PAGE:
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Testimonial

I have relied on the Marketing Scales Handbooks over several years in academic and industry roles and look forward to using the newest edition. A seven on a seven-point satisfaction scale!
Tom Prinsen, Ph.D.
Global Manager Market Intelligence, Biomet Orthope

sales

The scale is composed of three, seven-point Likert-type items that measure a person’s belief that a particular company’s level of “social responsibility” depends upon the positive effect the activities have on product sales.

The scale has three, seven-point semantic differentials that measure how large a consumer considers a particular discount on a product’s normal price to be.

A consumer’s level of attitudinal, affective, and behavioral involvement with getting discounts and buying products on sale is measured with seven, five-point Likert-type items.

How much a person likes a listed sale price is measured with three, seven-point items.  The items do not specify why the consumer likes the price.

With three items, the scale measures the degree to which a consumer believes a lot of effort was spent after a purchase in activity intended to benefit from a price-matching offer.

The importance a shopper places on an online store having deals, sales, and new products is measured in this scale using three, seven-point items.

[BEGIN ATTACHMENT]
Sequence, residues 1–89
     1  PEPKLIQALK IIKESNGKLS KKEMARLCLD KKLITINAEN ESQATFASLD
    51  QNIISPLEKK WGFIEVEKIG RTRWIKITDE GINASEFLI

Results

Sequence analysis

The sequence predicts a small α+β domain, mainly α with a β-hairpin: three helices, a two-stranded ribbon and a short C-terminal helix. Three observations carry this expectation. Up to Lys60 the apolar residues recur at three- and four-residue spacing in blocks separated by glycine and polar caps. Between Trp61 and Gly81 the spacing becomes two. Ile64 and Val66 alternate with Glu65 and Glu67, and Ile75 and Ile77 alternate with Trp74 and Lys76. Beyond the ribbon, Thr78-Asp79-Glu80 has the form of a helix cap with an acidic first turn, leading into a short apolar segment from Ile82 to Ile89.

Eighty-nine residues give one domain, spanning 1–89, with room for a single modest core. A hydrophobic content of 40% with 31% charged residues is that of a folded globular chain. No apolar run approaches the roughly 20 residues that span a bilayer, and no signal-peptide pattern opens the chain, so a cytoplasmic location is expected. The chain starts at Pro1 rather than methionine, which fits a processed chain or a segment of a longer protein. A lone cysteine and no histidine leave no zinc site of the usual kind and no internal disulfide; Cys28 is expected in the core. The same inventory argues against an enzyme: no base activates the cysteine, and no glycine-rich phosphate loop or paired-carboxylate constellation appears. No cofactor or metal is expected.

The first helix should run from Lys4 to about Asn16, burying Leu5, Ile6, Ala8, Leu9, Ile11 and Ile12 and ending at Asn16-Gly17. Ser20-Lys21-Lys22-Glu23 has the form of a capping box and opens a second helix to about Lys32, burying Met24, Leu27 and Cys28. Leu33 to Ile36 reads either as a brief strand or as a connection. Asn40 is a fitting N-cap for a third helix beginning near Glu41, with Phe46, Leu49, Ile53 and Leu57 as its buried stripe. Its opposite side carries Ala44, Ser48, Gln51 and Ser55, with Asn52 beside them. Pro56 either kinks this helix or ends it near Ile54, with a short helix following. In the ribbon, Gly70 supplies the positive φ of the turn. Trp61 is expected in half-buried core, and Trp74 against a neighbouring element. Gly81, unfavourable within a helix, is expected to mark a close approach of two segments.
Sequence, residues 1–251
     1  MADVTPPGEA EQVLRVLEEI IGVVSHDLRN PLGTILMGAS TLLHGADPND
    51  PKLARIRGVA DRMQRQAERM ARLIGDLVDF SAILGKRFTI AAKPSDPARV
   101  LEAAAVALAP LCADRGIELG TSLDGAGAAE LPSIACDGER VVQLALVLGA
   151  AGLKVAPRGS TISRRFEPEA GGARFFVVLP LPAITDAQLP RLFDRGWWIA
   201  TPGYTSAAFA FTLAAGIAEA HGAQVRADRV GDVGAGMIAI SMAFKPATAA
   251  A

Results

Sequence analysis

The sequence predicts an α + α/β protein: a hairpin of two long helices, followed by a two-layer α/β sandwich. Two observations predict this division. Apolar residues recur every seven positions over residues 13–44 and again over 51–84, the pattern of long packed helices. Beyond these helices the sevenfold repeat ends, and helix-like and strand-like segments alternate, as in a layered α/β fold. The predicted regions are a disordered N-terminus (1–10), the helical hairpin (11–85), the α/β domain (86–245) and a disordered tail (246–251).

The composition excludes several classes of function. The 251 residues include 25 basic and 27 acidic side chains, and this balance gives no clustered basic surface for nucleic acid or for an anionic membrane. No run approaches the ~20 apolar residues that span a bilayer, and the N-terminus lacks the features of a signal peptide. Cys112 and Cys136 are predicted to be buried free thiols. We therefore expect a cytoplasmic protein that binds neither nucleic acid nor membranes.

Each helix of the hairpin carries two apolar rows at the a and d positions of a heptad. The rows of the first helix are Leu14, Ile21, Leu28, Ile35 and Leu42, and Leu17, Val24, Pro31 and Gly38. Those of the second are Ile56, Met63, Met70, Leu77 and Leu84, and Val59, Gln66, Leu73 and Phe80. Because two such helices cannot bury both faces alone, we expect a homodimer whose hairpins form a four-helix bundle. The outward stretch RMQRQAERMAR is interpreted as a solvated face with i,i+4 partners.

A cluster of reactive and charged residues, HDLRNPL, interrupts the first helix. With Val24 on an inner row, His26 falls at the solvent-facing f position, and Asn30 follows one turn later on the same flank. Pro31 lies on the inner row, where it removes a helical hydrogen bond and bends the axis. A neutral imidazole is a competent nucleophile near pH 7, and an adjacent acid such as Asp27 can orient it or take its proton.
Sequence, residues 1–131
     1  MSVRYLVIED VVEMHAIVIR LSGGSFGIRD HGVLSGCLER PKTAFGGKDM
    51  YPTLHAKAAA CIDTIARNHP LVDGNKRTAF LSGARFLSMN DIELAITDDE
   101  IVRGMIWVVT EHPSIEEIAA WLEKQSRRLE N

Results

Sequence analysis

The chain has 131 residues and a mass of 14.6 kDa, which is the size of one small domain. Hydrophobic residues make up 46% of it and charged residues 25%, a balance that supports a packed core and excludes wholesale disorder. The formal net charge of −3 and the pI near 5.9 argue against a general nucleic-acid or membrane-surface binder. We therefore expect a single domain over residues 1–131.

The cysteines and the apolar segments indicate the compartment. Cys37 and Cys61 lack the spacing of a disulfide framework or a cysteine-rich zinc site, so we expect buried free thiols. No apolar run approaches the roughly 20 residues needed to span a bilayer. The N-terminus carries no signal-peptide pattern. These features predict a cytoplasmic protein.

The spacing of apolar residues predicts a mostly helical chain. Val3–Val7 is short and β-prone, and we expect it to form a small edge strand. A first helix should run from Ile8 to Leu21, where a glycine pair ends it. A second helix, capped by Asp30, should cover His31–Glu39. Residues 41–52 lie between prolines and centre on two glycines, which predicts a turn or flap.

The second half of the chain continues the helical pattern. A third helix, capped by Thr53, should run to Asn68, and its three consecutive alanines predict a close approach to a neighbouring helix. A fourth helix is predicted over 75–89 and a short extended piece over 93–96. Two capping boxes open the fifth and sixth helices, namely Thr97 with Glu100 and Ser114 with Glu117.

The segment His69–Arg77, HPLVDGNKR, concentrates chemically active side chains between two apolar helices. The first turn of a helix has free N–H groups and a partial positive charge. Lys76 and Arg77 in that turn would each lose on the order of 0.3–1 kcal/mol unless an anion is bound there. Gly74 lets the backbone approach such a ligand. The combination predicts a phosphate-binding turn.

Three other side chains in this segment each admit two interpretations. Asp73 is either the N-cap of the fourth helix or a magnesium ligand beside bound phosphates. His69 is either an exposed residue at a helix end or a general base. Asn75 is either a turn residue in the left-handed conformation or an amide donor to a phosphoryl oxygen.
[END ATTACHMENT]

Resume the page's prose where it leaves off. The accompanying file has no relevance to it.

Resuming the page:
The degree to which a person believes a deal that has been offered to him/her was limited to just a few customers and not widely available to other customers is measured with four, nine-point semantic differentials.

The scale uses three, nine-point semantic differentials to measure how much a person believes he/she deserves a special offer (sales promotion) made by a business rather than it being unwarranted.

The three item scale measures the extent to which a consumer believes that a lot of effort was spent before a purchase in activity intended to help qualify for the benefit of some type of sales promotion, e.g., collecting coupons to receive price discounts.

Four, seven-point items are used to measure the perceived level of savings in the purchase of two particular products if purchased separately. Other information provided to respondents indicated that the items could be purchased together as a bundle for a special price. This scale measures their beliefs that savings would be realized even if the items were purchased separately. Yadav and Monroe (1993) referred to the measure as items' transaction value.